“An Encounter”: The Crossroads of Individuality and Expectation

Rachael Crowe, https://unsplash.com/photos/jK8JZGgBtHM

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James Joyce’s short story “An Encounter” holds a compelling exploration of the crossroads of societal expectations and the pursuit of individuality.

The nameless narrator, a young boy, in one sense goes where he belongs. Although playing Indian is not his preference, he does it in fear of being seen as, essentially, a nerd. It may defy the more general societal standards of his teachers, but it is exactly in line with the expectations he values more: those of his peers.

However, in another sense, he rejects this same idea. The boy quickly expresses a desire for “wild sensations” and “real adventures”, not for the sake of fitting in but for his own self-fulfillment. When he skips school to embark on his ‘adventure’, he takes a step outside of his community’s expectations and halfway into his own wants and desires. He describes a beautiful scene, light falling through the leaves against the water, and says he is happy. In almost the same breath, he explains how he is shouted at by workers for being a nuisance on the streets. At the same time he is fulfilling his personal dreams of adventure, he’s simultaneously being disruptive to the expectations of the other people around him.

Later, he searches sailors’ eyes for green, something the footnote remarks is possibly a reference to the dauntless Odysseus of legend. He finds none. Instead, he comes across a strange man who speaks to him about touching little girls with the same vigor as he speaks about whipping little boys, which is quick to make him incredibly uncomfortable. Here is where he finds the green eyes he was looking for. Here is the individuality and gusto that the sailors, who were just going about their jobs like anyone else, lacked. They’re not quite so appealing anymore.

In the end, both sides of the spectrum are criticized. To act according to the status quo is to be made to do things you don’t enjoy, and yet to ignore it is to bring trouble to everyone else. There is no simple answer to balancing between the two, only a warning that one must try.

Prompt: Write a 250-word paper about how James Joyce’s short story “An Encounter” explores the concept of societal expectations and norms vs individualism

James Joyce’s short story “An Encounter,” a part of his collection “Dubliners,” is a profound exploration of the tension between societal expectations and individualism. Set in early 20th-century Dublin, the narrative follows an unnamed young narrator and his friends as they navigate the constraints of a conservative society while yearning for personal freedom and adventure.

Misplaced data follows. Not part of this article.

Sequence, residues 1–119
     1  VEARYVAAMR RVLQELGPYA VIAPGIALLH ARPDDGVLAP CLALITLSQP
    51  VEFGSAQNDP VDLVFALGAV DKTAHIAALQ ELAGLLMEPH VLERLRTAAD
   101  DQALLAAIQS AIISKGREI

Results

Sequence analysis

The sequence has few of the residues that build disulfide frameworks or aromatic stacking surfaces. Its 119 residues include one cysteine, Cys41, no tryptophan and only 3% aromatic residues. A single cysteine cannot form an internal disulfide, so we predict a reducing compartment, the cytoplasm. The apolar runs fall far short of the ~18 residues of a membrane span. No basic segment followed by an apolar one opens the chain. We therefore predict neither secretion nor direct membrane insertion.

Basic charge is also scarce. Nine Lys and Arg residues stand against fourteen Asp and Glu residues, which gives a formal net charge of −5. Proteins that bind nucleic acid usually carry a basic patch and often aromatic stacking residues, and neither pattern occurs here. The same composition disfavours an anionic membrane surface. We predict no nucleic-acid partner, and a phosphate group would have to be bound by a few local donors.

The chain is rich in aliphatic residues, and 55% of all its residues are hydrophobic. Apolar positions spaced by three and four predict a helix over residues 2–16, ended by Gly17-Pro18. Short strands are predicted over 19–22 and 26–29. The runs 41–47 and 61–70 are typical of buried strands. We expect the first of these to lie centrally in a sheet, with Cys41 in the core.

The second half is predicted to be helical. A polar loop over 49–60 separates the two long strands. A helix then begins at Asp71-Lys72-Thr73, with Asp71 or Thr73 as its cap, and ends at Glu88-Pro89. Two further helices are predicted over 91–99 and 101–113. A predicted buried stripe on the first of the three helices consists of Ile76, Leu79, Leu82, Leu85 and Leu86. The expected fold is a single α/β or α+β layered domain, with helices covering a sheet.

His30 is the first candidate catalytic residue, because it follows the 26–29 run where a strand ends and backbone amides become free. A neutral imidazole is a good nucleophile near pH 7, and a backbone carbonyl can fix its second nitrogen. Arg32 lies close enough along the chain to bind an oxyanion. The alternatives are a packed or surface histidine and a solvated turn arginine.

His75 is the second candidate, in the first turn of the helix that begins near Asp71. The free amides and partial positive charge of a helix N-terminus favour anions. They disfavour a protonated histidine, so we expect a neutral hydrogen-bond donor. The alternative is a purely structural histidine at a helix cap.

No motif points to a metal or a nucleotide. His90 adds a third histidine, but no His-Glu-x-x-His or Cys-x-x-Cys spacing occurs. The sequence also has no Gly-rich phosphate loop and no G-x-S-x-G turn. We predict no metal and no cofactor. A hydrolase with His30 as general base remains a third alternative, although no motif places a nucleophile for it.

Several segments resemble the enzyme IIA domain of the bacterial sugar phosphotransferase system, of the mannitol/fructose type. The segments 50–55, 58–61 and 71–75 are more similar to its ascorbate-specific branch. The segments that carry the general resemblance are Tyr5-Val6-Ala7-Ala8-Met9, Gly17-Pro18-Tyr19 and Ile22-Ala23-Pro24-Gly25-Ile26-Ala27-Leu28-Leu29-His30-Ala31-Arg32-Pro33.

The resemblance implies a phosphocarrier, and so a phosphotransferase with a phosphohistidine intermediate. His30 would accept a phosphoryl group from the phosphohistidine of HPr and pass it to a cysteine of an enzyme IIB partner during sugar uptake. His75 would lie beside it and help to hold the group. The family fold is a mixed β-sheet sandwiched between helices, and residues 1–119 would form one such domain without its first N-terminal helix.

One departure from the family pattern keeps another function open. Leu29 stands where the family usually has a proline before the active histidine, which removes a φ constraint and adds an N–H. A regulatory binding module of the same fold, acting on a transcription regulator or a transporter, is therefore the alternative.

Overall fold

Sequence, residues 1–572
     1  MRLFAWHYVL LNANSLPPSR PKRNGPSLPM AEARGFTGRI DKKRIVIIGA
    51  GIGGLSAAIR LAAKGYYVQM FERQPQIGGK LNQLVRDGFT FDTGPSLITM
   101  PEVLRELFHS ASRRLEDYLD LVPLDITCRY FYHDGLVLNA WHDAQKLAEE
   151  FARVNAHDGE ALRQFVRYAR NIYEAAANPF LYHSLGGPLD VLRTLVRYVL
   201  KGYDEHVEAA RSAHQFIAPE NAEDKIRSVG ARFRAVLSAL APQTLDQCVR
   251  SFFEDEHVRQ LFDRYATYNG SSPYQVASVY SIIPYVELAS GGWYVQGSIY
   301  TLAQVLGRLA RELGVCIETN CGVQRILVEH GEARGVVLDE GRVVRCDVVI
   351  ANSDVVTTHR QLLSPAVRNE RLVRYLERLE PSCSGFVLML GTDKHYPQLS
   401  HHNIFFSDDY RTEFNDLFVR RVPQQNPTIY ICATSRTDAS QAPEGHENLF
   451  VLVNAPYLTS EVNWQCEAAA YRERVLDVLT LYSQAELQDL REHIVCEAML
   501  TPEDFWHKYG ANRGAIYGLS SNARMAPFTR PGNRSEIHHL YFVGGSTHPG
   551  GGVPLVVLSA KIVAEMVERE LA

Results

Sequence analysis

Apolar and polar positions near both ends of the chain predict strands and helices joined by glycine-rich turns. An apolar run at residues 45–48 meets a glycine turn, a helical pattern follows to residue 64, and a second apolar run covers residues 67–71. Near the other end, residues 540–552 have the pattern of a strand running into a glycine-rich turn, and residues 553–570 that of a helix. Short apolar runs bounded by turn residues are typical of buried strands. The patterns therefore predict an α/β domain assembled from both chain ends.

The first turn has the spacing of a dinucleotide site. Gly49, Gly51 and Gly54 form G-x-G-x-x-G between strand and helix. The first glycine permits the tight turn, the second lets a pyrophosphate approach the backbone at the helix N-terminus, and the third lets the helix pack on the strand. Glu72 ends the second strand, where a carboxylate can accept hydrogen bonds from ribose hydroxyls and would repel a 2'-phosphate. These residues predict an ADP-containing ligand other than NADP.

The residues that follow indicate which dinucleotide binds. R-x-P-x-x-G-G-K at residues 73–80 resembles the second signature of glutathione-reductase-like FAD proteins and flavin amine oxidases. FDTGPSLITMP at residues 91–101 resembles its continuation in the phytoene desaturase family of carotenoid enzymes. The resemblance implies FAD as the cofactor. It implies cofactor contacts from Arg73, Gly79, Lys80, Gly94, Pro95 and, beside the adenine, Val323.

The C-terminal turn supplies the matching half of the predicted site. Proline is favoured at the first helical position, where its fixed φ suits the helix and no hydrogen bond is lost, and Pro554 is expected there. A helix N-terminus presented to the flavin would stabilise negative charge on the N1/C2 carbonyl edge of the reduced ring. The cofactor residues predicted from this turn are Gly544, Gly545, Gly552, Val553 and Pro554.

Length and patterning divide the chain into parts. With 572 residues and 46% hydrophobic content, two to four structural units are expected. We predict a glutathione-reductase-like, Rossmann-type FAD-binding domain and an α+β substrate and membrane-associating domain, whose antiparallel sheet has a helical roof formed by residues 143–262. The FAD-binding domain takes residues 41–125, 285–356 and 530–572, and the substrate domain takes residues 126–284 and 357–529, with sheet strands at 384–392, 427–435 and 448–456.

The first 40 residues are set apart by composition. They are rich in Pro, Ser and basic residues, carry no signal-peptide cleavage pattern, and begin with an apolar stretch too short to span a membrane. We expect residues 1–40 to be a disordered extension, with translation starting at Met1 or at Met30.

The story vividly portrays the rigid societal norms of the time. The boys are trapped in a monotonous routine of school and church, symbolizing the suffocating grip of Dublin’s conventional expectations. They are expected to conform, maintain their innocence, and avoid any deviation from the prescribed path. This societal pressure is represented by their teacher’s stern demeanor and their classmates’ mockery of anything unconventional.

However, the boys’ desire for adventure and individuality challenges these norms. Their daydreams of escapades, typified by wild-western fantasies, reflect their longing for experiences beyond the ordinary. The encounter with the Pigeon House attendant, though unsettling, represents an attempt to break free from the confines of societal expectations. It’s a risky venture into the unknown, driven by their longing for something more.

Joyce’s narrative brilliantly captures the internal struggle of the young narrator, torn between conforming to societal norms and embracing individualism. When the encounter turns sinister, he retreats, recognizing the importance of self-preservation within the bounds of society.

In “An Encounter,” James Joyce demonstrates how societal expectations and individualism are in constant conflict, especially during the formative years of adolescence. The story serves as a poignant reminder of the human desire for individuality and adventure while grappling with the pressures of conformity, making it a timeless exploration of this enduring theme.

One thought on ““An Encounter”: The Crossroads of Individuality and Expectation

  1. First of all, this is an interesting way of framing the story. So kudos for thinking of this angle. Second, I’m pretty impressed with ChatGPT this time around. It misses some of the finer details (the boys never get to the Pigeon House), but it’s otherwise more or less on target.

    What do you make of the fact that the boy is happiest before Mahony arrives?

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